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Sleep Res Online. 1998;1(1):1-10.

Coalescence of sleep rhythms and their chronology in corticothalamic networks.

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Laboratoire de Neurophysiologie, Faculté de Médicine, Université Laval, Quebec G1K 7P4, Canada.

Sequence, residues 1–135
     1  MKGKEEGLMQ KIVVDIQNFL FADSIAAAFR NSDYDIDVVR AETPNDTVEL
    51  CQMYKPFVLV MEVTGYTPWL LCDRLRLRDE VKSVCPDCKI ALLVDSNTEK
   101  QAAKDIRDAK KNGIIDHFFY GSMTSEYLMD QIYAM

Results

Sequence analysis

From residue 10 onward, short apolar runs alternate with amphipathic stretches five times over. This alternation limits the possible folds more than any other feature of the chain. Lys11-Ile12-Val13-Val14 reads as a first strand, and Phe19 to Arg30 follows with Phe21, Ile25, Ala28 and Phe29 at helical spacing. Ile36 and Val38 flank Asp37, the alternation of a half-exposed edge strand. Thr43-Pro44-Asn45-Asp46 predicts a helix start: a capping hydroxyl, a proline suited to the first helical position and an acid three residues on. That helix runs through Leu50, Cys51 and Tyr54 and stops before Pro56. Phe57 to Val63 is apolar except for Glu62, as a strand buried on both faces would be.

The cellular substrates of sleep oscillations have recently been investigated by means of multi-site, intracellular and extracellular recordings under anesthesia, and these data have been validated during natural sleep in cats and humans. Although various rhythms occurring during the state of resting sleep (spindle, 7-14 Hz; delta, 1-4 Hz; and slow oscillation, <1 Hz) are conventionally described by using their different frequencies, they are coalesced within complex wave-sequences due to the synchronizing power of the cortically generated slow oscillation (main peak around 0.7 Hz). In intracellular recordings from anesthetized animals, the slow oscillation is characterized by a biphasic sequence consisting of a prolonged hyperpolarization and depolarization. Basically similar patterns are observed by means of extracellular discharges and/or field potentials in naturally sleeping animals and humans. The depolarizing component of the slow oscillation is transferred to the thalamus where it contributes to the synchronization of spindles over widespread territories. The association between the depolarizing component of the slow oscillation and the subsequent sequence of spindle waves forms what is termed the K-complex. The slow oscillation also groups cortically generated delta waves. At variance with previous assumptions that the brain lies for the most part in the dark and a global inhibition occurs in resting sleep, cortical cells are quite active in this behavioral state. This unexpectedly rich activity raises the possibility that, during sleep, the brain is occupied to specify/reorganize circuits and to consolidate memory traces acquired during wakefulness.

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